The Brooklyn Academy of Music is running a Carl Th. Dreyer retrospective, appropriately and monolithically titled DREYER, from March 13 - March 31. Here you will find my quick notes as I plunge in deep with the Dane. I hope we learn something as we march forward (and step back) with care.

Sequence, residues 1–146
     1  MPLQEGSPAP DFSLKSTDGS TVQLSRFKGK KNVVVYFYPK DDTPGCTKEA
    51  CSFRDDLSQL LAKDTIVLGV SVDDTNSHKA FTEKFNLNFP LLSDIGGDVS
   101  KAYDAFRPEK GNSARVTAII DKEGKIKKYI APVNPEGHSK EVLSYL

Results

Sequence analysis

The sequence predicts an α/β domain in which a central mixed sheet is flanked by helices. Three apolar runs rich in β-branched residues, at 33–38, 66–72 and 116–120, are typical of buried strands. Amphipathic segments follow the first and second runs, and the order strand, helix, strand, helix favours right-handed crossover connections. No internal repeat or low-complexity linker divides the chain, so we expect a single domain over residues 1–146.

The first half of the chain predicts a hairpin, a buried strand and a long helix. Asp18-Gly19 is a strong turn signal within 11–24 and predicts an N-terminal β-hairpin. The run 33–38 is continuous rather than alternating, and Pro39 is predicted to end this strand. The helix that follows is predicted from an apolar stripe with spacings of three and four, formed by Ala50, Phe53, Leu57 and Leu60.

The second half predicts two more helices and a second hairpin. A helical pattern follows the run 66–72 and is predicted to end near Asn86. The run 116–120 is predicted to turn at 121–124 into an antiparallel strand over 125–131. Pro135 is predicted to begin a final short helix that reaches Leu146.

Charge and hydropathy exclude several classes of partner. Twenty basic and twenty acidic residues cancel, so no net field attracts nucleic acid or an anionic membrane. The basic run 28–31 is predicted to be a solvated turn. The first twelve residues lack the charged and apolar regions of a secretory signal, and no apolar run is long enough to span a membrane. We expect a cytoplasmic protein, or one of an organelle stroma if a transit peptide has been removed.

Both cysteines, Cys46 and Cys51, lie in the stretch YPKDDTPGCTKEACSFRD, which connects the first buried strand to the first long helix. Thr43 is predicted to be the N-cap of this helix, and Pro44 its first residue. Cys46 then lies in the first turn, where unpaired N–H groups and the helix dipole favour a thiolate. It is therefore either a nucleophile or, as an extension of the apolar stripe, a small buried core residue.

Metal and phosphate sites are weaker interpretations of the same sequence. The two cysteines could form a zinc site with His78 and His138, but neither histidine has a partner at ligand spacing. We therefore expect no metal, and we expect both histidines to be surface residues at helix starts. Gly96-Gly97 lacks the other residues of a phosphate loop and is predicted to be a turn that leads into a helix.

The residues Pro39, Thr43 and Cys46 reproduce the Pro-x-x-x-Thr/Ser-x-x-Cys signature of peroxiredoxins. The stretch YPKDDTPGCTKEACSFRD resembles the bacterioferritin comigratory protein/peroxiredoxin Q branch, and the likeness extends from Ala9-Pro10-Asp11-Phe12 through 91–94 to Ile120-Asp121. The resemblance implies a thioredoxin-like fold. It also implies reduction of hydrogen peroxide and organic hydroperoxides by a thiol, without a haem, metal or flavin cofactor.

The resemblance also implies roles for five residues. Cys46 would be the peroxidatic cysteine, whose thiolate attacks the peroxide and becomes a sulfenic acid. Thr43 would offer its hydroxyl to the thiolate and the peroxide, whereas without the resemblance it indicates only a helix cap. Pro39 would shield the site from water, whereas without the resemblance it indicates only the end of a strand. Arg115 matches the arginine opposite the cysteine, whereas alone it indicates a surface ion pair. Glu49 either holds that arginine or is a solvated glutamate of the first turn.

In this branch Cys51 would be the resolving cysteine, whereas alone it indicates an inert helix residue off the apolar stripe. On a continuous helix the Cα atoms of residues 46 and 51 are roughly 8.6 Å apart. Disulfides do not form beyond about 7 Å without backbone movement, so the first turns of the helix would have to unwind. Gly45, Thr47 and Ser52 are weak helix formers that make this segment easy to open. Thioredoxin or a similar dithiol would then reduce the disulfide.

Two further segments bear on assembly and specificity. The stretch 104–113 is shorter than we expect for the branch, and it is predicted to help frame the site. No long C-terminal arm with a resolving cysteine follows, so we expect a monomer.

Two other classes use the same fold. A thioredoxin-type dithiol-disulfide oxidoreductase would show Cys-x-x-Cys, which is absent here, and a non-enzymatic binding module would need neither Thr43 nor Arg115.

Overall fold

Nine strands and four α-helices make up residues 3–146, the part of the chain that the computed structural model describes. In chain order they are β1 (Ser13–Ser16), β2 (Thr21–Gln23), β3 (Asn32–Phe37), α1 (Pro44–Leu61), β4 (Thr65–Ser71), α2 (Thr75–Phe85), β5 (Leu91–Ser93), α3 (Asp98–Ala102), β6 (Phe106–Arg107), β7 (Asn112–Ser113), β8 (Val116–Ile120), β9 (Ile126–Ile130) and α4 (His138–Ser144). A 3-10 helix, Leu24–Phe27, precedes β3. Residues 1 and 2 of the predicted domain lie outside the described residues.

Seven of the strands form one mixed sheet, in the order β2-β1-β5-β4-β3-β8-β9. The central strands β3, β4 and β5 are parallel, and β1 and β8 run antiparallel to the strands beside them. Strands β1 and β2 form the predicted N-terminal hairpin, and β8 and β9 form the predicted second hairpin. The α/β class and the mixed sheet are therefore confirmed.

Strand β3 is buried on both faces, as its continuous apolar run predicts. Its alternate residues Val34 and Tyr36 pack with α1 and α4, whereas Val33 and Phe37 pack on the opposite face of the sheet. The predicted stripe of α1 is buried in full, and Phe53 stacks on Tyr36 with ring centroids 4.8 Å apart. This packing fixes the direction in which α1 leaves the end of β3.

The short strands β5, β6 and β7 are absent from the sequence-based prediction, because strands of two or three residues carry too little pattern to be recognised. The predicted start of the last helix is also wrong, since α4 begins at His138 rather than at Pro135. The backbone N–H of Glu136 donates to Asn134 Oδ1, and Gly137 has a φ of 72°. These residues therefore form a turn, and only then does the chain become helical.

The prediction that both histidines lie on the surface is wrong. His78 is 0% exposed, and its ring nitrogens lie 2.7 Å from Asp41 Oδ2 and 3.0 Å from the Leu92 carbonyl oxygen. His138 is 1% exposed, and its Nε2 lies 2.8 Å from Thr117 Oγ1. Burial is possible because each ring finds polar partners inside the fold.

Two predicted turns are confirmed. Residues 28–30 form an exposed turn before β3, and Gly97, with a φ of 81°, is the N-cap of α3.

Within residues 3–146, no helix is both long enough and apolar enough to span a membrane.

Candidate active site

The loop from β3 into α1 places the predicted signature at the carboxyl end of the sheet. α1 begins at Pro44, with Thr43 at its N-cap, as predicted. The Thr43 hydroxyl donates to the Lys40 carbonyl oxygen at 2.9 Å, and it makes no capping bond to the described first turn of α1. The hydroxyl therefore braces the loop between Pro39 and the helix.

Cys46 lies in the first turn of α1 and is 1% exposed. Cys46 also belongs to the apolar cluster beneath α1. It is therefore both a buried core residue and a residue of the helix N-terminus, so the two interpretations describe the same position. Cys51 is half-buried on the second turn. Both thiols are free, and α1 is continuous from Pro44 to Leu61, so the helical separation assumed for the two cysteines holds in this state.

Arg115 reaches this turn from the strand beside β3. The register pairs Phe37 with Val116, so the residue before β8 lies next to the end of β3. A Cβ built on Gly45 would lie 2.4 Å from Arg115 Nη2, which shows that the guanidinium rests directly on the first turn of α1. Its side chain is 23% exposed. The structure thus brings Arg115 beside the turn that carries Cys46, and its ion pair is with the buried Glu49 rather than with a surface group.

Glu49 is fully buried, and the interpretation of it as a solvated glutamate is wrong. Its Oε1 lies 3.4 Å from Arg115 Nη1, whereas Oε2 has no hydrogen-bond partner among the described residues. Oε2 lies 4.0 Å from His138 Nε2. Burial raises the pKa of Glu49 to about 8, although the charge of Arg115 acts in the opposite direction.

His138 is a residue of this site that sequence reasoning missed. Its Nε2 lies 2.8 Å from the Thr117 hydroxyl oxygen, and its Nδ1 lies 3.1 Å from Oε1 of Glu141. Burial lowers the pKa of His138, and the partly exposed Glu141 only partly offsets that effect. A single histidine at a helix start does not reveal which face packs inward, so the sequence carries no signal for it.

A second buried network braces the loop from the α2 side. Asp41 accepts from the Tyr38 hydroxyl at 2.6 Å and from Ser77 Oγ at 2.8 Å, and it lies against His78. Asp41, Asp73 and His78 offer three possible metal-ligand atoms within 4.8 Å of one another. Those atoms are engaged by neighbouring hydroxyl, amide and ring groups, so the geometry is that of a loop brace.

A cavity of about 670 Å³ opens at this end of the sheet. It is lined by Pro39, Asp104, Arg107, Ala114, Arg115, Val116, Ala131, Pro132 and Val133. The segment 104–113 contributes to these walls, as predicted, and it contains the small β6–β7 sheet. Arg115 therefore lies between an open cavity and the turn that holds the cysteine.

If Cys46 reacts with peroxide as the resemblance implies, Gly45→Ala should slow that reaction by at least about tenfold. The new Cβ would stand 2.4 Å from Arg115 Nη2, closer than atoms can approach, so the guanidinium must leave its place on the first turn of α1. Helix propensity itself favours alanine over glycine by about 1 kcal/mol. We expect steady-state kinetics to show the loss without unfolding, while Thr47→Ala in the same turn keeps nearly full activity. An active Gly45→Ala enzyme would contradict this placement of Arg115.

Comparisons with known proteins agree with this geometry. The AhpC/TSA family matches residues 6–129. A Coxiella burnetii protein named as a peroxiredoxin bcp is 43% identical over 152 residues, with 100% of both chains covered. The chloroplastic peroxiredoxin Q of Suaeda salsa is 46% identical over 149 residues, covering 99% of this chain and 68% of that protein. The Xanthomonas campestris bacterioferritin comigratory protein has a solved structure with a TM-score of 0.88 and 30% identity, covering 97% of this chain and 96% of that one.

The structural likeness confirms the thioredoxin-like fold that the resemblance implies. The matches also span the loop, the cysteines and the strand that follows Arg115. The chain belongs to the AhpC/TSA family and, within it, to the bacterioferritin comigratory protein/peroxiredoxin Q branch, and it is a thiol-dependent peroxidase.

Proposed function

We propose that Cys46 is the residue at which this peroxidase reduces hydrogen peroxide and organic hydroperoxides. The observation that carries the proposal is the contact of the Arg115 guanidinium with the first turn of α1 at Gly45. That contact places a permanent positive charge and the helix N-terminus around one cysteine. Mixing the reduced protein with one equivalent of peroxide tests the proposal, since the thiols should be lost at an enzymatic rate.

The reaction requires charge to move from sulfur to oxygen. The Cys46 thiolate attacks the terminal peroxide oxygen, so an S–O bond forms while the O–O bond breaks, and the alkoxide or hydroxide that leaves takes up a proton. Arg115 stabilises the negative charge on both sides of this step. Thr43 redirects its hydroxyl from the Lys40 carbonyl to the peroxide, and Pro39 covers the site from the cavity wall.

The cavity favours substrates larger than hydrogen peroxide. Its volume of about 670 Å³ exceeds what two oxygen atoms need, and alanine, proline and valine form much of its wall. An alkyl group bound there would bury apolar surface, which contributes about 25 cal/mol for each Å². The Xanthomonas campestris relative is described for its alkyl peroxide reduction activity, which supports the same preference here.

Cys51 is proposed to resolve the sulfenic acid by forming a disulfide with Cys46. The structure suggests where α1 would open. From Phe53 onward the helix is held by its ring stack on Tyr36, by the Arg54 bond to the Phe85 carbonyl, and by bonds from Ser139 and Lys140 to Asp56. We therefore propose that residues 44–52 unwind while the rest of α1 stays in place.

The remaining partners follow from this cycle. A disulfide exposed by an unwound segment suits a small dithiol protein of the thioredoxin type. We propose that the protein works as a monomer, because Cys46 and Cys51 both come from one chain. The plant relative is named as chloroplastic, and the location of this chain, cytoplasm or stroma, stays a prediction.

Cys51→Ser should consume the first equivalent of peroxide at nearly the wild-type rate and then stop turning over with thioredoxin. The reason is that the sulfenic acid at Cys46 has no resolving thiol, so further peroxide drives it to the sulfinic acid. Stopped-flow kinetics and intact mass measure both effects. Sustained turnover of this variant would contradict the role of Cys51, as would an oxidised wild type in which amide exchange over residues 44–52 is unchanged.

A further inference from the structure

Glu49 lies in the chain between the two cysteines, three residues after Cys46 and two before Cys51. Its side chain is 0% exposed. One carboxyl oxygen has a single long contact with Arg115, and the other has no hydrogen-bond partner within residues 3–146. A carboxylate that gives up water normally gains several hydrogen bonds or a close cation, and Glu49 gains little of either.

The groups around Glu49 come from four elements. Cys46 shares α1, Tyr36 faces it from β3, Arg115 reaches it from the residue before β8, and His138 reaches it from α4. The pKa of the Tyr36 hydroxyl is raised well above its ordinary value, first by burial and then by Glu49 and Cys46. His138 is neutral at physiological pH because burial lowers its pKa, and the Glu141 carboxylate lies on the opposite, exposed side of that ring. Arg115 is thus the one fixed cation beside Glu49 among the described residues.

Walking away from the theatre with Kasman two nights ago, we jockeyed the idea that The Bride of Glomdale (1926) does not need its restoration-approved inter-titles because its language (in a Metz way) is so lucid. An arbitrary tale, some may promote "fable" here, of two lovers separated by a river and greed, Dreyer's film is most fascinating in how it advances since we know what advances. The best example comes early in the picture: our lady, daughter Glomdale, is upset and stomping on a door in the floor; Dreyer's camera looks down at her hot stepping feet diagonally. There is a fade out to black and a title describes what we see next: two rings of young people (male and female) dancing on a meadow, seen from above, happy to be alive in the sun. The echo-circuit is complete, without naive match-cuts, as it repurposes the simple act of moving with the world: anger can be dance, and dance can be fun. Indeed, Glomdale can be lauded for shooting outside, on location. We see real farms plowed by real horses, we see real smoke fill the air, we see a real river rush. So far in my current curriculum, this film is the most interested in "the document" against any affective stylistics as found in later masterpieces. Further, just as Phelps wrote, it is a joyful—even goofy—thing all designed to celebrate youth. There is a lot of kissing. I was surprised to find such explicit foreplay, to see how dancing can lead to fighting, to watch these kids joke around with axes and wood and to see him pin her against a wall.